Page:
Ramchandra Guha who resigned as a member of the COA, has said in the letter to Vinod Rai that the body’s failure in stemming instances of conflict of interest – namely former players like Sunil Gavaskar – is a major point of divergence with the rest of the members. Pointing to the example of Gavaskar, whose commentary duties are in direct conflict with his other role as head of a player management firm, Guha said despite his repeated warnings, no action has been initiated for several months.
“I have also repeatedly pointed to the anomaly where BCCI-contracted commentators simultaneously act as player-agents,” he wrote in the letter to Vinod Rai. Quoting from a media report, Guha had written: “Sunil Gavaskar is head of a company which represents Indian cricketers while commentating on those cricketers as part of the BCCI TV commentary panel. This is a clear conflict of interest. Either he must step down/ withdraw himself from PMG completely or stop being a commentator for BCCI,” the mail had stated.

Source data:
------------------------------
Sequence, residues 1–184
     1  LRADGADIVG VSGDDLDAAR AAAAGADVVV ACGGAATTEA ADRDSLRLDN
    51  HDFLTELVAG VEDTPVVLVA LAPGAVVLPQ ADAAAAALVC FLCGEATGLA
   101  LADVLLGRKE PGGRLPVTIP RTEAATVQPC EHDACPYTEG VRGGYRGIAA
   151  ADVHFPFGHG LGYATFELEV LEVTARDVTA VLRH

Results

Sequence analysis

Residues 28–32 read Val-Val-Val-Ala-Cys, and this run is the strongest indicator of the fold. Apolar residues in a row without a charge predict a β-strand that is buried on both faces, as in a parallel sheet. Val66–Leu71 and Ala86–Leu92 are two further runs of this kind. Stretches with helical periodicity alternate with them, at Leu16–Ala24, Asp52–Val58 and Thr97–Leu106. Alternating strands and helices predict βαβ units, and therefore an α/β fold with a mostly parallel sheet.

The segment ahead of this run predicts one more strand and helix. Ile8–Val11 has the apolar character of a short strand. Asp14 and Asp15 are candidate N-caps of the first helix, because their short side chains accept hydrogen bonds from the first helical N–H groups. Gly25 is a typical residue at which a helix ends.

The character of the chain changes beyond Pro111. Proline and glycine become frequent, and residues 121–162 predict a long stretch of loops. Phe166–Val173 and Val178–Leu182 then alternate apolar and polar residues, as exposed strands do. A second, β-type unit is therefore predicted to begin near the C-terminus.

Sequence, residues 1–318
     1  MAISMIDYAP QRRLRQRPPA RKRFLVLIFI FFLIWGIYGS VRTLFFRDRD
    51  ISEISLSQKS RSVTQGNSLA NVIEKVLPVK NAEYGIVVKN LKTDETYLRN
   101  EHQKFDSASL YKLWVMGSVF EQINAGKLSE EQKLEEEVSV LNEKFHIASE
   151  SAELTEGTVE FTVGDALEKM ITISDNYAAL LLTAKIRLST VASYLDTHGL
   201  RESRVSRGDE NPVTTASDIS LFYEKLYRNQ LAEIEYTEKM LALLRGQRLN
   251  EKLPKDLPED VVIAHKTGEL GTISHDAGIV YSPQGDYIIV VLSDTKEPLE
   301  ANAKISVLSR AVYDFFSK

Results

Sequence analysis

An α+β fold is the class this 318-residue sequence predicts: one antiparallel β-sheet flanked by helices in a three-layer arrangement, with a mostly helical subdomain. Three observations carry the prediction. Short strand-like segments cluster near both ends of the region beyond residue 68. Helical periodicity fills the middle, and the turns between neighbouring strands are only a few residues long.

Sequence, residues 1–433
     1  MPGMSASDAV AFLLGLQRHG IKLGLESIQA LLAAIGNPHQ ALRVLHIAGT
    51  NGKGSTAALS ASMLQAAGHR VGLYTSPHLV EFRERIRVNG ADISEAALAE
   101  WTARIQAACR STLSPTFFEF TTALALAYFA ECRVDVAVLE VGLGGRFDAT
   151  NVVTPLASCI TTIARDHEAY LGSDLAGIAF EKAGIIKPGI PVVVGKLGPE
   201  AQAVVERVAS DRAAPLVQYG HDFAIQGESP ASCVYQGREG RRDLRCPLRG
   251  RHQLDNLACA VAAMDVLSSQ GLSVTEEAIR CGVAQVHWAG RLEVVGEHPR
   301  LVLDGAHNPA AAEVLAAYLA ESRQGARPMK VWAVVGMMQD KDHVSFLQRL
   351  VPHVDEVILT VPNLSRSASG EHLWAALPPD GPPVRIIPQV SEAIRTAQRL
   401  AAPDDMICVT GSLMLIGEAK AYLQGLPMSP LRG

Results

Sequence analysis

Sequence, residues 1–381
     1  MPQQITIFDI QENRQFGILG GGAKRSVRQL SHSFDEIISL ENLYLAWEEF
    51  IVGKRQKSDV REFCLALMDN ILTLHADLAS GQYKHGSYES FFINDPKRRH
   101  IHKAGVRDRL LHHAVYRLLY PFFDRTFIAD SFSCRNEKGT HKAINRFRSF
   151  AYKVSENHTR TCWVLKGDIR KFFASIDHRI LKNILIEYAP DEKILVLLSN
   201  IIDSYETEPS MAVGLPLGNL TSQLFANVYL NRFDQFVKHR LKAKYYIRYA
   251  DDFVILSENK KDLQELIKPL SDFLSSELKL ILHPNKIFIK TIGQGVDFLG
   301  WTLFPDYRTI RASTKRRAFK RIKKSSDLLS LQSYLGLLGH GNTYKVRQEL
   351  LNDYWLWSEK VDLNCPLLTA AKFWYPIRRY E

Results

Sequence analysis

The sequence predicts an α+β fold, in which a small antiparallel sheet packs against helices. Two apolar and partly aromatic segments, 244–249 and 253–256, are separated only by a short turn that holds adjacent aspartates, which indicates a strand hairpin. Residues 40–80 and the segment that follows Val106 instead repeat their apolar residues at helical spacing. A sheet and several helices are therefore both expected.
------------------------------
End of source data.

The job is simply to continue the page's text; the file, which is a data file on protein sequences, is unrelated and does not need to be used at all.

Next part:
Guha had added in the mail, that taking prompt and swift action was both just and necessary. “COA’s credibility and effectiveness hinges on our being able to take bold and correct decisions on such matters. The ‘superstar’ culture that afflicts BCCI means that the more famous the player (former or present) the more leeway he is allowed in violating norms and procedures,” he had written.
Guha stressed that one reason the issue had lingered was because several of the game’s ‘superstars’ had been guilty of it. “The BCCI management is in too much awe of these superstars to question their violation of norms and procedures,” he added in the letter to Rai. Explaining the workings of this faulty system for years, Guha wrote, “For their part, the BCCI office-bearers like to enjoy discretionary powers, so that the coaches and commentators they favour are indebted to them and do not ever question their own malpractices and mistakes. But surely a Supreme Court appointed body should not be intimidated by the past or present achievements of a cricketer, and instead seek to strive to be fair and just.”
Guha added that the problem trickled down further into the state associations. “One famous former cricketer is contracted by media houses to comment on active players while serving as President of his state association,” he added, while citing other instances of players serving as office-bearers in one association and as coaches or managers in another. Guha reckoned that had the COA been more proactive in stopping this conflict of interest, it could have had the ripple effect downwards putting pressure on the state associations.